The first thing is that Spellcheck didn’t like “Bebbenburgh”. I’m not sure about it myself! About half the book takes place at Bamburgh. I am still undecided on which version to use – the modern or contemporary to the story. The text is scattered with alternate versions. This is something I will sort out later – decide which to use, and the spelling, and do a mass correction.

The next thing – is this scene actually needed? Does it progress the plot, or can I delete it? It follows a rather static scene; a conversation where characters exchange pieces of back story. A bit too much telling instead of showing. There has to be some “telling”,  but with this scene I can “show” what the characters feel about it.

How this scene is edited depends on the situation. For example, if they were being chased by rampaging Vikings, I would choose short sentences, get rid of surplus detail. It might end up something like:
We raced along the beach, dodging spears. The rain hit. Vision narrowed. We rode faster.
Down from 64 words to 15 and much more exciting, you feel your heart beat faster in response.

But there are no Vikings, they are riding for pleasure, they have enjoyed their conversation. They are excited, not terrified. Are there any words we can get rid of?

In the first sentence, would “across” be better than “along”? More suggestive of speed?

I mention the waves twice. Everyone knows that the hard sand is close to the waves, we can delete that phrase.

I have previously mentioned the wind, so no problem with it picking up, but that “had” is clumsy and the linking “and”. Merge the two events into one.

The torrent of rain is OK, but is that “us” really needed? Why not an example of how heavy the rain is, how it affects them?

The shape of Bebbenburgh disappeared. They are riding along the beach towards it, of course they can see it to start with (and not just the shape of it!). The rain comes, so heavy that it disappears , but it isn’t the only thing that disappears, the beach, sea, sky also disappear.  Just say “Everything”? (I’m not sure about this, I must think of a different word.)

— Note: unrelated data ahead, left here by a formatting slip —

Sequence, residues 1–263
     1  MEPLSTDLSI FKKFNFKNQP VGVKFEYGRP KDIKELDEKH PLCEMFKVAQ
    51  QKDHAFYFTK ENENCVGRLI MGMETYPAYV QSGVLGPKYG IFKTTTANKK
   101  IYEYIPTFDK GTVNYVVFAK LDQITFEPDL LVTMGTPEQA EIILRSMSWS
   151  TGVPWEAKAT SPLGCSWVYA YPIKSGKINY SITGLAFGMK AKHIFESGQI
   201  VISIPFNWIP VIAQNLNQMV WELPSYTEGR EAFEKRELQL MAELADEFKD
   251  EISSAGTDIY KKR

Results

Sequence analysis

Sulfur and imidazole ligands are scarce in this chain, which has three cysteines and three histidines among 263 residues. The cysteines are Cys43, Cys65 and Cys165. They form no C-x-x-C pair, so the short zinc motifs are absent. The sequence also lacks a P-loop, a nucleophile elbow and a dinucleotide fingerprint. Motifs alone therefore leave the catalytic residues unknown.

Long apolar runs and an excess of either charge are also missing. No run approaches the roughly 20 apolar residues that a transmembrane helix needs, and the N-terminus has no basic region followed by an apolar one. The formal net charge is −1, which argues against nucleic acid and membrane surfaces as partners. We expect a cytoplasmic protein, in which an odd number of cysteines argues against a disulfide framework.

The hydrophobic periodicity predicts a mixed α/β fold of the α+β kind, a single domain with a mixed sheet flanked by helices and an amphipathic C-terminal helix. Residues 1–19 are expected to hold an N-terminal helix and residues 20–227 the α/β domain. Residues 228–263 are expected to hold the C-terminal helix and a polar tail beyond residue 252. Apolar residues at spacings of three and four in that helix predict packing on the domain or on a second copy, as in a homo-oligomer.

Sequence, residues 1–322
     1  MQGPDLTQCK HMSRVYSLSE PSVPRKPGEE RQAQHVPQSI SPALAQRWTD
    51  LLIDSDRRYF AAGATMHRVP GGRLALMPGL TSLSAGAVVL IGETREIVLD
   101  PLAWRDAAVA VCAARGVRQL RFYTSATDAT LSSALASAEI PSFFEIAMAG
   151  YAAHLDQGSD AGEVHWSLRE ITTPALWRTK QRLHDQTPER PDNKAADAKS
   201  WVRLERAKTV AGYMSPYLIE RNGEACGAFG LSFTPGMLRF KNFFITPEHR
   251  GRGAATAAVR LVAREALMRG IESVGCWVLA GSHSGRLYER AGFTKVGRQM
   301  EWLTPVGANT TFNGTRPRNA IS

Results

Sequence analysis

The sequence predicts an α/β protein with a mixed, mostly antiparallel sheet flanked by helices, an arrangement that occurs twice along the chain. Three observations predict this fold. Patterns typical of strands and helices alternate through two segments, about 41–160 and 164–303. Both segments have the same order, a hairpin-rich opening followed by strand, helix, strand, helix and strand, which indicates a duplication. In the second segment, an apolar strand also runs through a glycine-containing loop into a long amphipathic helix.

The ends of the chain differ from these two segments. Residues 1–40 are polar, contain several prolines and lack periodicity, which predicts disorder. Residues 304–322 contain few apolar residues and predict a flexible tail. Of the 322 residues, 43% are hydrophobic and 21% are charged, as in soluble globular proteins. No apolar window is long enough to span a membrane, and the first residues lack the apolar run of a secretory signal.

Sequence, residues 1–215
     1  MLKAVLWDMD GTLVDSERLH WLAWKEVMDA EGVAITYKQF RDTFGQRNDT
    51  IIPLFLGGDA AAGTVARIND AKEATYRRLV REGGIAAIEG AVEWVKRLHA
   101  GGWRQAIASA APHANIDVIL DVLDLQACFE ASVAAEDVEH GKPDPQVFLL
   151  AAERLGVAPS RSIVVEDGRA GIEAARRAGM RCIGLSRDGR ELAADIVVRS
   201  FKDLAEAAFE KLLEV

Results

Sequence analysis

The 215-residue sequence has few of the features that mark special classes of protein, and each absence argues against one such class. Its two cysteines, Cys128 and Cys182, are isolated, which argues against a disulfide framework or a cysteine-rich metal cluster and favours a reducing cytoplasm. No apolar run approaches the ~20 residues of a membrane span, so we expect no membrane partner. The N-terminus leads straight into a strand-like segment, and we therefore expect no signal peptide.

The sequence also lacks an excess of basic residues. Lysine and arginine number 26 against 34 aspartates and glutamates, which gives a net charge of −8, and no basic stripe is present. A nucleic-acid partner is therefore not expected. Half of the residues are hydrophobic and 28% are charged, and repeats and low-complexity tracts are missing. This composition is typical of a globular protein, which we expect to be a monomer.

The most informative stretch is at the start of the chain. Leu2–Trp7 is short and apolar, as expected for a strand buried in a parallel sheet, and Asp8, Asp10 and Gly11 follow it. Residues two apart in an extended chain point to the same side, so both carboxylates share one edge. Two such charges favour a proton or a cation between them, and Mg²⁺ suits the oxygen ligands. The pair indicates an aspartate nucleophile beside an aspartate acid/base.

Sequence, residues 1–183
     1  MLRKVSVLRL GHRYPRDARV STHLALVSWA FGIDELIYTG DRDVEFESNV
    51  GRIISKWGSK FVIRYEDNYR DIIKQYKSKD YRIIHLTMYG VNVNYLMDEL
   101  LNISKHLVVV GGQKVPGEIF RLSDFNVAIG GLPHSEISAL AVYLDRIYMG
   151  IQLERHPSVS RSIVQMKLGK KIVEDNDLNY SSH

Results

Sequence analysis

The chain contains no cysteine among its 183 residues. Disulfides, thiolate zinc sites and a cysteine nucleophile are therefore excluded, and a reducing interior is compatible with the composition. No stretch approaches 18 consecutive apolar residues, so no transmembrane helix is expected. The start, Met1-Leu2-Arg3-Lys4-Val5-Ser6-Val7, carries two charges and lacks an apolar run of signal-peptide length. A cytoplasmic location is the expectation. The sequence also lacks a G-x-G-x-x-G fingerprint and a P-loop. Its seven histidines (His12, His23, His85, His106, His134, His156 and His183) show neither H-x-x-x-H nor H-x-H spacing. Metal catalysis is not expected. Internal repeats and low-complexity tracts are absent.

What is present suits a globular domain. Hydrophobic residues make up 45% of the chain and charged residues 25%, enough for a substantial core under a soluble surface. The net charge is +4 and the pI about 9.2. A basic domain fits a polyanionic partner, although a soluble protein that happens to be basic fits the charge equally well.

How do you slow “slightly”? Another word gone.

Then that final sentence: again two clumsy phrases connected in this case by “or”. Can I amalgamate them, anyway isn’t breaking your neck more important than the horse’s leg?

Finally, what about that hidden obstacle? If it wasn’t hidden they would see and avoid it. It isn’t needed.

So, final version:

We raced across the hard sand. Wind drove the waves higher and we laughed as we dodged their attack upon the shore. A torrent of rain hit, drenching us to the skin, and everything disappeared. We slowed, no point breaking our necks or a horse’s leg. (46 words)

I think it reads better, the action is sharper, the emotion clearer, and I have avoided the Bebbenburgh question.

This fragment has reduced from 64 to 46 words. Then it’s on to the next sentence – that’s editing for you.

I started editing a manuscript of 104,542 words. With about 15k to go, I’m at 95,174. Not sure if I’ll get down to 90k, but I’m a lot closer!

And in case you wondered, “we” were not on the beach in August, it was the end of October! If you want to find out what they were doing there, and why they were laughing, I’ll be looking for Beta readers, as soon as I’ve finished this round of editing!!

Bamburgh beach in August 2005

 

and in August 2016!